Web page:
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Static electricity is often perceived as an invisible risk. This case study explains why static electricity provides an ignition source for serious fires and explosions that could occur during everyday operations involving the handling and processing of flammable products.

A company supplying aluminium powder had an order cancelled when the bulk truck transporter carrying the powder was en route to a railcar hopper loading station. The truck driver was instructed to return the aluminium to the plant from where it was manufactured. As this scenario had never occurred before there was no standard operating procedure in place to offload the aluminium from the truck back into the production facility. Shortly after the operators had worked out how to overcome some practical challenges for moving the powder back into the plant, an explosion occurred which propagated throughout the plant.

On return to the plant it was noted that there was no direct loading point for the finished powder to be injected back into the production stream directly from the truck. A decision was taken to convey the powder into the pneumatic transport system entry point of the plant using the 3” hoses on the truck. Unfortunately the hoses could not reach the entry to the plant’s pneumatic system so an additional length of hose from the plant was added to the line of 3” hoses running from the truck. Both hose types were constructed of rubber tubing that contained internal metal helixes that ensured the hose flanges were electrically bonded together.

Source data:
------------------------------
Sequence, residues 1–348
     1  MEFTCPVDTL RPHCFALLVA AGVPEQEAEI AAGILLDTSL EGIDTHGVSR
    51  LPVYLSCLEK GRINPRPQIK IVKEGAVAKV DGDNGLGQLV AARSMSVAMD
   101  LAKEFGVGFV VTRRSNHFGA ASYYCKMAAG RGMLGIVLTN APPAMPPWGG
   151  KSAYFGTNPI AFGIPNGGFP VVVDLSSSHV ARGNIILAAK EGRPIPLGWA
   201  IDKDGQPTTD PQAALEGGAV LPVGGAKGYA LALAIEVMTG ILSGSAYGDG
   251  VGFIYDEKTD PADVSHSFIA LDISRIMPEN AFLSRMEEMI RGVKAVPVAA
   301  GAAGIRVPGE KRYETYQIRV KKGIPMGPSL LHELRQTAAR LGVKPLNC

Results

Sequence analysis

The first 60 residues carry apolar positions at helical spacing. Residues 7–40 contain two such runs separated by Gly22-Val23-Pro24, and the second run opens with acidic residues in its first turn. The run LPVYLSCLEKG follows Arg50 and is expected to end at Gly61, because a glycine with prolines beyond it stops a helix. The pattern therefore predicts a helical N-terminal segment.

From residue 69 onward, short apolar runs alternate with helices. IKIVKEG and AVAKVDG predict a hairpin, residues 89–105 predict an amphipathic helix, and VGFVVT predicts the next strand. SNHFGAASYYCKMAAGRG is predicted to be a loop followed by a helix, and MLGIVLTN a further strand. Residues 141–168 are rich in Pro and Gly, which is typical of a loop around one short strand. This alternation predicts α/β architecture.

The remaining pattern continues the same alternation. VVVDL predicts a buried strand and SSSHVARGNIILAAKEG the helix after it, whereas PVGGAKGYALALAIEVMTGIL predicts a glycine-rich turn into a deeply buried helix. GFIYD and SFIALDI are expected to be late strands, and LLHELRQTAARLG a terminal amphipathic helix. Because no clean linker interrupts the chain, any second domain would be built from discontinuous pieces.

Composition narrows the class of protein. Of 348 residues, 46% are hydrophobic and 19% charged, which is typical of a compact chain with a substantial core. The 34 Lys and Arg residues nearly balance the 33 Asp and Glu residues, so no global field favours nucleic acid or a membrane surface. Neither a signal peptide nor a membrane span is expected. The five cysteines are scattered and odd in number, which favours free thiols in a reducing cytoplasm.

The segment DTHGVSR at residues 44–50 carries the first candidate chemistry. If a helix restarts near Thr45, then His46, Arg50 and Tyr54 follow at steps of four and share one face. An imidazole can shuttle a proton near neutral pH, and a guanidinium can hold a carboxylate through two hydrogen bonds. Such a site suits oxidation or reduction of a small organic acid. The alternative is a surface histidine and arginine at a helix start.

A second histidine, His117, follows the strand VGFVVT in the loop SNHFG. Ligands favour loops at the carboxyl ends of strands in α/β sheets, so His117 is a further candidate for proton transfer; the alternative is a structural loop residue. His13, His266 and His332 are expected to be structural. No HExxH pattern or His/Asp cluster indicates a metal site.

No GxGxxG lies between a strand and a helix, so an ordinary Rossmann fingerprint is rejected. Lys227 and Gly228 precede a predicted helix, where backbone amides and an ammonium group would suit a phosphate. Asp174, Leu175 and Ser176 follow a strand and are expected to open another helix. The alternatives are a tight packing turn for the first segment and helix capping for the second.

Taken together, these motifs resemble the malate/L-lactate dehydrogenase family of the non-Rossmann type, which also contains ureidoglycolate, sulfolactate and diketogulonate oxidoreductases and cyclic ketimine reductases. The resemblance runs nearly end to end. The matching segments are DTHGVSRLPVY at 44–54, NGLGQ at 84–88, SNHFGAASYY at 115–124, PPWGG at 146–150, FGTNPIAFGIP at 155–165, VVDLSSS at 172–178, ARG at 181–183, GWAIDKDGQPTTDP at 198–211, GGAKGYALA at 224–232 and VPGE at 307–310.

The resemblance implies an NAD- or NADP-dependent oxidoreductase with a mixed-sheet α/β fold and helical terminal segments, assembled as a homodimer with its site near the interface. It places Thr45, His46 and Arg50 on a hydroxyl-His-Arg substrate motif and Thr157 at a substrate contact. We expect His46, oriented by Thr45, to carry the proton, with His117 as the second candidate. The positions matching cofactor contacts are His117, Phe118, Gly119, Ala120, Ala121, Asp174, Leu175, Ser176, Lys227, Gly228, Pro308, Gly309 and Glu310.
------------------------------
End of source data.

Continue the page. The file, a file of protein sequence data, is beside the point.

The truck was grounded so the 3” hoses (assuming they were in good condition) were also grounded, hence the risk of an accumulation of electrostatic charge on the truck and hoses was minimal. One issue that was encountered, however, was that the plant hose that was used to complete the distance between the truck’s hoses and the entry to the plant’s pneumatic system was wider in diameter to the truck’s hoses. This meant that a sealed connection between the hoses could not be made. The operators overcame this issue by stuffing rags into the gap between the hose flanges. This had the effect of electrically isolating the plant hose from the truck’s hose, potentially impeding the transfer of electrostatic charges from the plant hose to ground via the grounded truck. The other end of the hose was assumed to have been resting on the concrete floor inside the plant. The other issue was that the density of the air-powder phase coming from the truck was above the minimum explosive concentration of the aluminium powder.

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